This week in movies sees the release of two films directed by women that focus on family. More specifically, they focus on father/daughter relationships. Leave No Trace and Boundaries are both road films, albeit of different sorts. Cinema Siren reviews them here, revealing who might enjoy them and who might want to avoid them.

REVIEW: Leave No Trace

I saw a screening of the new indie release Leave No Trace on the summer solstice. It was also in the midst of a protracted, unpleasant parade of bad news. Co-writer/director Debra Granik, who brought us the bleak, beautiful A Winter’s Bone, which made a star of Jennifer Lawrence, now brings us a father and daughter story of haunting beauty using nature as a backdrop, which stars award-winning actor Ben Foster, and may once again create a mega star in Thomasin McKenzie.

War veteran Will (Foster) has lived for years in the forests outside Portland, Oregon, with his teen daughter Tom (McKenzie). Their life is simple. They forage for food, play chess, and nightly hunker down to sleep in their tent. Tom studies, Will builds things, and they have discussions about nature. They also have near daily drills to teach Tom how to hide in the event someone wanders near their camp. We don’t know what has led Will to believe this is best for himself and his daughter, but we do know he has night terrors and no interest in living in an organized society of any kind.

When discovered, they are put through a system that attempts to do what’s best for them both as individuals and as a family. When Will finds he can’t assimilate, the two set off into the wilds of nature, potentially with catastrophic consequences. This is basically the road (less traveled) trip movie.


McKenzie brings an honesty to the innocence and kindness of Tom, who straddles childhood and a forced parenthood required when caring for a man suffering with PTSD. Their relationship to each other and to nature is a meditation on family, and the struggle to find autonomy inside a life living with a mentally ill loved one. Director Granik has a way of showing harsh realities alongside the tenderness between people. She portrays suffering without sentimentality, but finds the hope in her stories and shines a light on that hope to create compassion in the viewer.

There is a moment where Will and Tom are in town, getting provisions, and Tom holds up a chocolate bar, asking their frequent question to each other, “Want or need?” The film, and the examination of the relationship between father and daughter, both of whom alternately play caretaker for each other, is couched in that question. Of course, we always want our parents and need our parents. We always want our children and need our children. When does the balance tip too far away from our own wants, and our own needs, and when is it right to choose ourselves?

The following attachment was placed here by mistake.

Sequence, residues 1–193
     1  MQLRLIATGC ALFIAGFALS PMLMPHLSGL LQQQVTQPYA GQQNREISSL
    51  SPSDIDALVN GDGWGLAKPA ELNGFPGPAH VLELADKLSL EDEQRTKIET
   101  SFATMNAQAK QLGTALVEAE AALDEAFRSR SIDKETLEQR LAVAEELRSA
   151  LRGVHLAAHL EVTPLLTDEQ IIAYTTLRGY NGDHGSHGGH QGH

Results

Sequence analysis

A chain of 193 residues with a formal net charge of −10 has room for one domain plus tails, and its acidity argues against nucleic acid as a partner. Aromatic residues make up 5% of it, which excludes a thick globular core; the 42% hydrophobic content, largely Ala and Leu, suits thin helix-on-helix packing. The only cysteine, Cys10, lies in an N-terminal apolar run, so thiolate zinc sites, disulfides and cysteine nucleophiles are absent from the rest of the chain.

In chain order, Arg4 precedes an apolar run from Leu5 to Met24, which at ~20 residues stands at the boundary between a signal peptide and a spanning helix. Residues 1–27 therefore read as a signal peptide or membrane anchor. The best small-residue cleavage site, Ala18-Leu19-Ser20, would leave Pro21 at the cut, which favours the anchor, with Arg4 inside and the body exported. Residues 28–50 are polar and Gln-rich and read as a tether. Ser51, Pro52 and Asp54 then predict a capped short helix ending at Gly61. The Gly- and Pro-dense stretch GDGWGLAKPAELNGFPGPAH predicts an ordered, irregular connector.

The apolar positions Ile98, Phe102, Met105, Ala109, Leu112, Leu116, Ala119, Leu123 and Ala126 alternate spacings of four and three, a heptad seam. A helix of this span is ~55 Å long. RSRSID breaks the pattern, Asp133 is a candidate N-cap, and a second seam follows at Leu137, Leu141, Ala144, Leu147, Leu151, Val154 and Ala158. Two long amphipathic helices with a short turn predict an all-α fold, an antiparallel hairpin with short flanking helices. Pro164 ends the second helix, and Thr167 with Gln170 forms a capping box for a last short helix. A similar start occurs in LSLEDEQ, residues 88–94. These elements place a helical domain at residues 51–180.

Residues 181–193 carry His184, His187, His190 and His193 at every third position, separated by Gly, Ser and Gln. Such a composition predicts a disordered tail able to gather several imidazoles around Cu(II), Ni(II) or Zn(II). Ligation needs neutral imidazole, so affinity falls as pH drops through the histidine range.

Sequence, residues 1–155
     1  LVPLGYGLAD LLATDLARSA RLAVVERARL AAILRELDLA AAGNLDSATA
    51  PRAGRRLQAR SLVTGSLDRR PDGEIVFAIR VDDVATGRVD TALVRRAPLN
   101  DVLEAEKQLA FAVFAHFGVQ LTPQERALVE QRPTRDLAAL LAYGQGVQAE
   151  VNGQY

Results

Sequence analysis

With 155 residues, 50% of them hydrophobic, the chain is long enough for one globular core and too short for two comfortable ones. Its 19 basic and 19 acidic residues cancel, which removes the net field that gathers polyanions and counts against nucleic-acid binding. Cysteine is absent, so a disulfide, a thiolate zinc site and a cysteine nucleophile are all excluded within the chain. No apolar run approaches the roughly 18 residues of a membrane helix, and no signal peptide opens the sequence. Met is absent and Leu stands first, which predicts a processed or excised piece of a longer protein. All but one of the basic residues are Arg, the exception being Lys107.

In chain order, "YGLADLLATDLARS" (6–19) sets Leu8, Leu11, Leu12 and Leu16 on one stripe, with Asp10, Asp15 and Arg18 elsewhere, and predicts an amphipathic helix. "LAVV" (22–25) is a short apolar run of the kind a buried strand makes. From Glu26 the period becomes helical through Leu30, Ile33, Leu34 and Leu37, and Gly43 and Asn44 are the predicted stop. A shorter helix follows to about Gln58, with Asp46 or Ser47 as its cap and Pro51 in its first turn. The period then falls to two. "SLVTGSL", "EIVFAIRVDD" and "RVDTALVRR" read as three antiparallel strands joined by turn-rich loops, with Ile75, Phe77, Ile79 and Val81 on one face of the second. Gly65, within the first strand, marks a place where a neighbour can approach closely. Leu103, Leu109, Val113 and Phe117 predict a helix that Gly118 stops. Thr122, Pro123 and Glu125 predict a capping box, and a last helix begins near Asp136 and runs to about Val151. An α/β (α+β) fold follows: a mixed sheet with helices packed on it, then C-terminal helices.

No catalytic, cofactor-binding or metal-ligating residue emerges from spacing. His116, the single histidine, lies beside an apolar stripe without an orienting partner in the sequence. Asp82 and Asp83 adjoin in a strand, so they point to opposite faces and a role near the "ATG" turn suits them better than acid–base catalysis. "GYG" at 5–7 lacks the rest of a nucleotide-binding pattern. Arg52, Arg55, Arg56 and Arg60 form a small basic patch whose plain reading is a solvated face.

This heartbreaking, and ultimately hopeful ode to the nature of love and the love of nature comes right on time for anyone delights in thought-provoking fare and cherishes great filmmaking.


REVIEW: Boundaries

Boundaries, a new indie from writer/director Shana Feste (Country Strong) exists on the opposite side of the spectrum of father/daughter road trip flicks. At once frothy and acerbic in tone, it stars the ever spectacular Christopher Plummer and ever compelling Vera Farmiga as Jack and Laura Jaconi, who navigate their estranged relationship as she drives him down the West Coast to LA in a beat-up Rolls Royce, her son Henry (Lewis MacDougall) and a constantly growing menagerie in tow.

Jack has gotten kicked out of his retirement home for dealing weed. Laura needs money for an alternative high school for her weirdo son, who has been expelled for drawing a lewd, sexualized graphite of his teacher. He draws naked pictures of mostly everyone, exposing what says is their soul. Meanwhile, Laura is completely incapable of setting and keeping boundaries, as evidenced by her house full of stray creatures, and her willingness to engage with her lying, long-absentee father. She reminds him and all who’ll listen he is the reason for her emotional damage. They strike a deal that he will pay for Jack’s new school, and she will take him to LA. Jack ropes Henry into helping him sell $200,000 worth of pot, which they drop off to various quirky, free-spirited characters along their drive to LA.

The story runs a fairly predictable course, but it is foremost Christopher Plummer who is the raison d’être for the film. It’s not his best, but he’s great. With hundreds of roles over his career, that’s not saying much. No one is particularly likable, but that’s part of the point here. Relationships, especially parent/child ones, are messy, and often suffer from bad history. Farmiga is portraying a female character not often seen as onscreen, which is to say, tough, unlikeable, and unapologetic. Is she a mess? Yes. So is everyone in Boundaries. That includes the characters we meet along their journey, which offers an opportunity to watch Christopher Lloyd, Bobby Cannavale, Kristen Schaal, Yahya Abdul-Mateen, and Peter Fonda create lasting impressions, and expand upon what are relatively cliched characters as written. Fonda in particular, though, is likely responsible for the smear campaign currently in progress on IMDB. He tweeted some incendiary messages to the Trump camp, which motivated the web trolls to score the film 1 out of 10. Don’t believe it. Many a film lover will enjoy Boundaries, even if Fonda doesn’t know how to keep his own, pre-release.

There are many who struggle with messed up family dynamics, and deal with their dysfunction through humor, aware as they may be of their inability to truly deal with the underlying issues. Some families find a way to interact despite the bad blood and bad decisions that litter their collective story. To those I’d say, this film is for you.